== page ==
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Verticordia multiflora

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Verticordia multiflora is a flowering plant in the myrtle family, Myrtaceae and is endemic to the south-west of Western Australia. It is a small, openly branched shrub with small leaves and groups of scented, bright yellow flowers on the ends of the branches in spring or early summer.

Description

Verticordia multiflora is a shrub which grows to a height of up to 60 cm (20 in) and is irregularly and openly branched. Its leaves are oblong to elliptic in shape, 2–4 mm (0.08–0.2 in) long, semicircular in cross section and often have tiny serrations along their edges.[2]

The flowers are arranged in rounded groups on the ends of the branches, each flower on a stalk 10–12 mm (0.4–0.5 in) long. The floral cup is top-shaped, 2–3 mm (0.08–0.1 in) long and hairy with small swellings beneath each sepal. The sepals are bright yellow, 4–6 mm (0.16–0.24 in) long and are deeply divided and hairy. The petals are a similar colour, erect, 2.5–5 mm (0.1–0.2 in) long, egg-shaped to almost round with a hairy margin. The style is 3–5.3 mm (0.1–0.2 in) long, straight, and has long white hairs along its length. Flowering time is from October to January, depending on subspecies.[2]

Taxonomy and naming

Verticordia multiflora was first formally described by Nikolai Turczaninow in 1847 from a specimen collected by James Drummond and the description was published in Bulletin de la Societe Imperiale des Naturalistes de Moscou.[1][3] The specific epithet (multiflora) is a Latin word meaning "many-flowered".[4]

There are two subspecies:

When Alex George reviewed the genus Verticordia in 1991, he placed this species in subgenus Verticordia, section Pilocosta along with V. huegelii and V. brachypoda.[6]

Distribution and habitat

This verticordia usually grows in sand, sometimes with clay or decomposing granite, often with other species of Verticordia in woodland and shrubland. The two subspecies have different distributions in the south-west.[2]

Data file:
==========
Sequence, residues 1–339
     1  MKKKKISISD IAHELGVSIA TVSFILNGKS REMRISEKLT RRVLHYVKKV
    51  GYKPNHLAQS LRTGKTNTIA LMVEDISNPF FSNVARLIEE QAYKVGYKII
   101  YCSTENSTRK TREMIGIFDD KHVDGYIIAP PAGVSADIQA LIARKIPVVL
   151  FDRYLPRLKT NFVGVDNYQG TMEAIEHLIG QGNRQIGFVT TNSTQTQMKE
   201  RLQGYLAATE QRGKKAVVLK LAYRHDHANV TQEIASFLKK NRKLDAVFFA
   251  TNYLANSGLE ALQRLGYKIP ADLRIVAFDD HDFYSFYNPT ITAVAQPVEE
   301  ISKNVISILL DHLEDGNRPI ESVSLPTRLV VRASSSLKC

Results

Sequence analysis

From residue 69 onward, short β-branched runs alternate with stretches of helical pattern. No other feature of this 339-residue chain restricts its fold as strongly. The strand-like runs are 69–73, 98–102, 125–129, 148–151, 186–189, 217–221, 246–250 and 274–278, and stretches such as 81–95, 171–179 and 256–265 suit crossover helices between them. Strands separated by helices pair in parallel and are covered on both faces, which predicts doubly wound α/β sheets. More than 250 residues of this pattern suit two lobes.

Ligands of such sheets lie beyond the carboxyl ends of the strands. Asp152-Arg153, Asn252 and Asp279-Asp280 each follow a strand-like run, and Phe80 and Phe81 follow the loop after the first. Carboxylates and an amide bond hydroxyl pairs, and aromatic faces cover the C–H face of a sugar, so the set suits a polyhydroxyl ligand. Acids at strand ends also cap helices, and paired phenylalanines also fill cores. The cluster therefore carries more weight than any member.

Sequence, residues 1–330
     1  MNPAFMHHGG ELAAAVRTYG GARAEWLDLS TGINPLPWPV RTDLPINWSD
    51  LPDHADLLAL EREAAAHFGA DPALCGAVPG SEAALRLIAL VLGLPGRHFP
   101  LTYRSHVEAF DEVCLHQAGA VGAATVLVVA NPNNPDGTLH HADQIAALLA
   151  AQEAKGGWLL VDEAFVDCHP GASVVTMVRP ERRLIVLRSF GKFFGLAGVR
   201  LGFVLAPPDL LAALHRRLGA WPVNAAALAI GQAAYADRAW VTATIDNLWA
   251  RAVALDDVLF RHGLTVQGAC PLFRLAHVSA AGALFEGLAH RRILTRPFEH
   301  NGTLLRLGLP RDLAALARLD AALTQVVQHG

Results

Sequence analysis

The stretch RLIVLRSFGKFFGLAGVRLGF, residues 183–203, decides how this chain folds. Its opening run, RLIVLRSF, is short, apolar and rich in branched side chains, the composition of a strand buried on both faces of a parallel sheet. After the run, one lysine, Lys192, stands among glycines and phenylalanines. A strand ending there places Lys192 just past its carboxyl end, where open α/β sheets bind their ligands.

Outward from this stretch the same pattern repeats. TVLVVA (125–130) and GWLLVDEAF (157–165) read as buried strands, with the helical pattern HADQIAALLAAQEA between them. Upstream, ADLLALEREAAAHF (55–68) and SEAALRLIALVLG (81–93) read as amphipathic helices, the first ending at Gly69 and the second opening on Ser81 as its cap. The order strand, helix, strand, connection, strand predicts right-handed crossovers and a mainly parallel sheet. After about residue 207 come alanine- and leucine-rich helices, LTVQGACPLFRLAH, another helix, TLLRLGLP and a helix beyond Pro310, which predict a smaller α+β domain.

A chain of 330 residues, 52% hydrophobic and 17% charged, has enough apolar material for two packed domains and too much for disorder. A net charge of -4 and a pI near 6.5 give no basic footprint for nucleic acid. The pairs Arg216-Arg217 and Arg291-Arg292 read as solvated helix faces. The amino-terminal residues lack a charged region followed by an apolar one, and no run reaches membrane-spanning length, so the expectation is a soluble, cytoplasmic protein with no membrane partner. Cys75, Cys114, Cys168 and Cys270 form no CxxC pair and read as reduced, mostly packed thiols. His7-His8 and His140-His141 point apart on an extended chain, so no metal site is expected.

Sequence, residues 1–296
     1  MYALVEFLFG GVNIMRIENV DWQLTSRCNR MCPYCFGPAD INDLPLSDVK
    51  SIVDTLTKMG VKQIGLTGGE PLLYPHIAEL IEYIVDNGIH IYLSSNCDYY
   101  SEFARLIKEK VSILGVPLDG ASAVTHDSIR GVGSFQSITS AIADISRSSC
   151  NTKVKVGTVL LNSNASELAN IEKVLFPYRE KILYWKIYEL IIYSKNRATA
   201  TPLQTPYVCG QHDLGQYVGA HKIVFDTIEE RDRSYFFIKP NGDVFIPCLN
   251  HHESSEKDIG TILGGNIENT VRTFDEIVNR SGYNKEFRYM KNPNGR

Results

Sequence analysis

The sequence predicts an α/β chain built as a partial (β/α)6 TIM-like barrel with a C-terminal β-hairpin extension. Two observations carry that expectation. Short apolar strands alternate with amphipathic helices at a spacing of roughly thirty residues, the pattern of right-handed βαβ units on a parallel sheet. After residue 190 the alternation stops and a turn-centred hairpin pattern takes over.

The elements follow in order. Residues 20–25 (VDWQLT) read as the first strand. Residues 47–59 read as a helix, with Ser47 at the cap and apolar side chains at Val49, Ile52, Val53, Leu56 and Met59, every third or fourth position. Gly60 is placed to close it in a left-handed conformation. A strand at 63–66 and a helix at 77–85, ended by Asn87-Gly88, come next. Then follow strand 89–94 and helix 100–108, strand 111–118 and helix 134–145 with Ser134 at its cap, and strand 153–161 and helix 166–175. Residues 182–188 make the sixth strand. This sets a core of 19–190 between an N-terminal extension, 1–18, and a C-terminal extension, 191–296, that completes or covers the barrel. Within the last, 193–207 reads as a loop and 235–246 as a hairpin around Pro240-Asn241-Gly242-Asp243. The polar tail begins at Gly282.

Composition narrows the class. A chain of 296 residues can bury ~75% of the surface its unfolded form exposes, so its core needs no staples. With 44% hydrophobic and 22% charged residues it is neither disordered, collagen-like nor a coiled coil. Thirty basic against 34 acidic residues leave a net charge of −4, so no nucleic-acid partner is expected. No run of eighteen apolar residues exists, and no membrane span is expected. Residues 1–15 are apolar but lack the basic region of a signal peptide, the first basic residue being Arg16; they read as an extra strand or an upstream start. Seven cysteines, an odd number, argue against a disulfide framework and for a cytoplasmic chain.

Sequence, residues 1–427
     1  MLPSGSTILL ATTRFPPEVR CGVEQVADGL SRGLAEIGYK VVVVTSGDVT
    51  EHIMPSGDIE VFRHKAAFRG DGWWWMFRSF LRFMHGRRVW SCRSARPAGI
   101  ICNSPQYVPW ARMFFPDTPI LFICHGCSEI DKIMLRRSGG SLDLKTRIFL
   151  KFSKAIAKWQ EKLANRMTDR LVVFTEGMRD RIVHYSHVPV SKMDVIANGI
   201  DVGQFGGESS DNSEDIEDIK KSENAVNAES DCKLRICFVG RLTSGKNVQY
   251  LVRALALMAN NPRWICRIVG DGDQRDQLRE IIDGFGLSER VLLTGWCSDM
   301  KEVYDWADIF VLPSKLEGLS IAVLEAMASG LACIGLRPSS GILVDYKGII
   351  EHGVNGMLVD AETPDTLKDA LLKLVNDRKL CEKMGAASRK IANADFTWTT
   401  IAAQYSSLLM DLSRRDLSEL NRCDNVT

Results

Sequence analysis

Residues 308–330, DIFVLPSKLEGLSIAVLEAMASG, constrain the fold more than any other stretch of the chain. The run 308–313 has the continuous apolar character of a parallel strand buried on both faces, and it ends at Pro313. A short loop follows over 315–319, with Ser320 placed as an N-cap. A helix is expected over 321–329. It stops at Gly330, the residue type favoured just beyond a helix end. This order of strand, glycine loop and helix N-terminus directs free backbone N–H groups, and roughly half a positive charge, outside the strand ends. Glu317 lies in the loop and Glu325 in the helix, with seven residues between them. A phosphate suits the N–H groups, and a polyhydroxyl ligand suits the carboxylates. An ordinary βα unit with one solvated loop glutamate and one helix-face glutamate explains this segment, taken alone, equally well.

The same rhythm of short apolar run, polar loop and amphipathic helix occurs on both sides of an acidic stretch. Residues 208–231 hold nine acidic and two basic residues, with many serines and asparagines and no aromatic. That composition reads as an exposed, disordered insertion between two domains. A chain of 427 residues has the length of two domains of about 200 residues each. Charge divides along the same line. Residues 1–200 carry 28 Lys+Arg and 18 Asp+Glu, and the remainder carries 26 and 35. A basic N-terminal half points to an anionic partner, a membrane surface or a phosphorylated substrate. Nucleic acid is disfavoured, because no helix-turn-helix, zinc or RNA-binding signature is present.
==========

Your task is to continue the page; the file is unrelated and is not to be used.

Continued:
Conservation

Subspecies solox is classified as "Priority Two" by the Western Australian Government Department of Parks and Wildlife[8] meaning that it is poorly known and from only one or a few locations[9] but subspecies muliflora is classified as "Not Threatened".[10]

Use in horticulture

Both subspecies of this verticordia have been propagated from cuttings and successfully grown in gardens but are inclined to attack by fungus. A better understanding of its requirements is needed before it is available in general horticulture.[2]

References

  1. ^ a b "Verticordia multiflora". APNI. Retrieved 6 July 2016.
  2. ^ a b c d e Elizabeth A. (Berndt) George; Margaret Pieroni (illustrator) (2002). Verticordia: the turner of hearts (1st ed.). Crawley, Western Australia: University of Western Australia Press. pp. 262–265. ISBN 1-876268-46-8.
  3. ^ Turczaninow, Nikolai (1847). "Decas tertia generum adhuc non descriptorum, adjectis descriptionibus nonnullarum specierum Myrtacearum xerocarpicarum atque Umbelliferarum imperfectarum". Bulletin de la Societe Imperiale des Naturalistes de Moscou. 20 (1): 159–160.
  4. ^ Brown, Roland Wilbur (1956). The Composition of Scientific Words. Washington, D.C.: Smithsonian Institution Press. p. 28.
  5. ^ "Verticordia multiflora subsp. multiflora". APNI. Retrieved 6 July 2016.
  6. ^ a b George, Alex (1991). "New taxa, combinations and typifications in Verticordia (Myrtaceae : Chamelaucieae)". Nuytsia. 7 (3): 231–394.
  7. ^ "Verticordia multiflora subsp. solox". APNI. Retrieved 6 July 2016.
  8. ^ "Verticordia multiflora solox". FloraBase. Western Australian Government Department of Parks and Wildlife.
  9. ^ "Conservation codes for Western Australian Flora and Fauna" (PDF). Government of Western Australia Department of Parks and Wildlife. Retrieved 30 June 2016.
  10. ^ "Verticordia multiflora multiflora". FloraBase. Western Australian Government Department of Parks and Wildlife.
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Verticordia multiflora: Brief Summary

provided by wikipedia EN

Verticordia multiflora is a flowering plant in the myrtle family, Myrtaceae and is endemic to the south-west of Western Australia. It is a small, openly branched shrub with small leaves and groups of scented, bright yellow flowers on the ends of the branches in spring or early summer.

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cc-by-sa-3.0
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Wikipedia authors and editors
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